"Everything in between the voice overs was pretty familiar. The opening fight scene was staged a little more lowbrow than Macmillan's (fewer swords, more kicked crotches, and lots of food being hurled about); later in the ballet Juliet kept getting into wide open second positions on point -- presumably to express sexual arousal, and she appears at the end of Act II to witness the pile up of dead bodies (Mercutio/Tybalt). The Verona festivities on the whole were a somewhat simplified version of what one usually gets, the 'pillow' dance music at the ball given some violent, 'macho' touches -- the men's part is performed as a dagger dance and, well, I could list a few other variant details, but they hardly changed the basic Prokofiev Romeo and Juliet template. (Also, my memory of other productions, Macmillan et. al., has become increasingly vague, so I may have thought something was 'original' that wasn't.)

In its at times watered-down and at times tarted-up familiarity, this was very much a provincial Romeo and Juliet, but it had the benefits of a good live orchestra, serviceable sets and even better costumes. Most importantly, it had the benefits of a company that looked to be giving themselves over to the whole performance with a great deal of energy and concentration."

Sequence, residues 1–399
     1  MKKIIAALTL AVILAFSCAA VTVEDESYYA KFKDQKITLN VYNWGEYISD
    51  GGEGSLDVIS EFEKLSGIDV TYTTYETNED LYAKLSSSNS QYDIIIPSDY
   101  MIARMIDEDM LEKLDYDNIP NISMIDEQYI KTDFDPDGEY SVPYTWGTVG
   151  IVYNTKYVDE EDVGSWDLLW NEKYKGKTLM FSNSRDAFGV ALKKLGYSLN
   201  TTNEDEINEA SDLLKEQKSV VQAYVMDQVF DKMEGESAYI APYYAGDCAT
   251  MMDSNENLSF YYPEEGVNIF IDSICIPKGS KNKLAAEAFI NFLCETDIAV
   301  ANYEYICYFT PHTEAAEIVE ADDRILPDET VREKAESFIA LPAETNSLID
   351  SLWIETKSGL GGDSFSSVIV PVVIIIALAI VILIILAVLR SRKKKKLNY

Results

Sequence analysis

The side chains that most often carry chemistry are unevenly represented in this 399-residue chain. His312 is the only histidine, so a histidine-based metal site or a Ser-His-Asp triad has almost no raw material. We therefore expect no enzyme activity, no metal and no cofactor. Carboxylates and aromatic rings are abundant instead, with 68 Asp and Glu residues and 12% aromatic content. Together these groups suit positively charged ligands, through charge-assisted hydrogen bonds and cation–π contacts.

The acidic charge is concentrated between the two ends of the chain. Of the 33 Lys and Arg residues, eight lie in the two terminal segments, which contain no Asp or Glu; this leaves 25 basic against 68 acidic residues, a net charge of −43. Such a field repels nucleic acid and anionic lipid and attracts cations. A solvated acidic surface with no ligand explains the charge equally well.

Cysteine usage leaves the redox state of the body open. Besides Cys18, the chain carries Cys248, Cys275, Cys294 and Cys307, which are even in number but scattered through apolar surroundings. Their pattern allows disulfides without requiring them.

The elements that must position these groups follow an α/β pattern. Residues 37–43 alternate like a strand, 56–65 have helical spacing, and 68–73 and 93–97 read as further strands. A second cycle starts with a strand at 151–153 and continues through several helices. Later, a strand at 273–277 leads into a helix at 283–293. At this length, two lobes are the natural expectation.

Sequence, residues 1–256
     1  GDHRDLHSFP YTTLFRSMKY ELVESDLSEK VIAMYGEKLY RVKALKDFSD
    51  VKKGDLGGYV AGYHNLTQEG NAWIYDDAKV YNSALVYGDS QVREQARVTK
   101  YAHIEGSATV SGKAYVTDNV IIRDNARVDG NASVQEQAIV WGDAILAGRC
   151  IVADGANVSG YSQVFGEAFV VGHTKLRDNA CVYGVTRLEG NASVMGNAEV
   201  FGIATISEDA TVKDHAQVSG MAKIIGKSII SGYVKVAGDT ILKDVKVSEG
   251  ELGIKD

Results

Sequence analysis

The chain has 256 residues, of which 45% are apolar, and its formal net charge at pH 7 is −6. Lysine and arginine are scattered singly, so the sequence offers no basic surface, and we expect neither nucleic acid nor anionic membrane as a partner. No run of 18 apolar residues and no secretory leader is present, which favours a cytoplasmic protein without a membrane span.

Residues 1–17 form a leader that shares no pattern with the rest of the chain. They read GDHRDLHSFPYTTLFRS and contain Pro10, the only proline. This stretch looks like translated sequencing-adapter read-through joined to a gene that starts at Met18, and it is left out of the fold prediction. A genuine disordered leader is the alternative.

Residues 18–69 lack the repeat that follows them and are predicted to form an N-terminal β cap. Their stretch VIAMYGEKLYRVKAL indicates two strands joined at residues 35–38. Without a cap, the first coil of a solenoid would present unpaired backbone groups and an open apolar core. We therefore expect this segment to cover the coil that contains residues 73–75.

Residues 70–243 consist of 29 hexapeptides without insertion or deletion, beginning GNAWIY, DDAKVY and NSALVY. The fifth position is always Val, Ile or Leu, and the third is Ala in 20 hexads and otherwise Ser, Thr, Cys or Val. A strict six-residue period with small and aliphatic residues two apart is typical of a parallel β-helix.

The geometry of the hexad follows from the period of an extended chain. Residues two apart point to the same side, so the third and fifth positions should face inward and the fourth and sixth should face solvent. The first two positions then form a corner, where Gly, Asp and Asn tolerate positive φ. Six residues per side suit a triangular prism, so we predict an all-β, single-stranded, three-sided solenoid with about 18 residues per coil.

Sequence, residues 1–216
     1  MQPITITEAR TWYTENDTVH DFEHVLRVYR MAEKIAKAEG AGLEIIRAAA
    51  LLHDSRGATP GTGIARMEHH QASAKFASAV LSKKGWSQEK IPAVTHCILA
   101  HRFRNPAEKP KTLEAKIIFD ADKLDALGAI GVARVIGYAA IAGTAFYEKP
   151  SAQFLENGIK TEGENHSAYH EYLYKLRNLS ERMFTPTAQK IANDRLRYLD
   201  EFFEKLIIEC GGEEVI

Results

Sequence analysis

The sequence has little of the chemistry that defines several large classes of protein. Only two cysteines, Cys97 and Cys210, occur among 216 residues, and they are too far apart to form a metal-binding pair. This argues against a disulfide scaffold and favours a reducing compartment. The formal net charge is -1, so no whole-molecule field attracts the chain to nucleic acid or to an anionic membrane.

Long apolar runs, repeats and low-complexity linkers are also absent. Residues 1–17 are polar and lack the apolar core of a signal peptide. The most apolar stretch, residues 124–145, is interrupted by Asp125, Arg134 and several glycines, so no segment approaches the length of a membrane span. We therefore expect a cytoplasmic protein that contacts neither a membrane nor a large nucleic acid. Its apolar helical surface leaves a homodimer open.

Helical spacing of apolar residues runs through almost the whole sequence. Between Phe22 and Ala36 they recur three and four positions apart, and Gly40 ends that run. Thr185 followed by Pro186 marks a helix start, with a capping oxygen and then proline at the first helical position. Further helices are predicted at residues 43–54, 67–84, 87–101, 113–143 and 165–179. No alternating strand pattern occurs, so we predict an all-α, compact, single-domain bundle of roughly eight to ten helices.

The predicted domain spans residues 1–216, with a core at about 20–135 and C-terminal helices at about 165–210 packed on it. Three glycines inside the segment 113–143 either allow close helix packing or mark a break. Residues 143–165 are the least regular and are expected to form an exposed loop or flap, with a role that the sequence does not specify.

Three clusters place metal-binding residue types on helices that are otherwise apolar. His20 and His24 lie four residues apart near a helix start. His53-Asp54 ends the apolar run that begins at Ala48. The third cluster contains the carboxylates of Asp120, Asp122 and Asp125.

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The Royal Danes dance the Neumeier version which is on YT. I think it's a very lovely version.

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7 hours ago, rg said:

Tudor's R&J was famously designed by Eugene Berman, see credits below:
Romeo and Juliet :    Narrative ballet in one act, based on Shakespeare's play. Chor: Antony Tudor; mus: Frederick Delius (A walk to paradise garden from A village Romeo and Juliet, Eventyr, Over the hills and far away, Brigg fair, arr. by Antal Dorati); scen & cos: Eugene Berman. First perf: (incomplete): New York, Metropolitan Opera, Apr 6, 1943, Ballet Theatre. First perf (complete): Apr 10, 1943.//Revival: Stockholm, Royal Opera House, Dec 30, 1962, Royal Swedish Ballet.//Revival: New York, New York State Theatre, July 22, 1971, American Ballet Theatre; scen & cos: Eugene Berman; lighting: Nananne Porcher.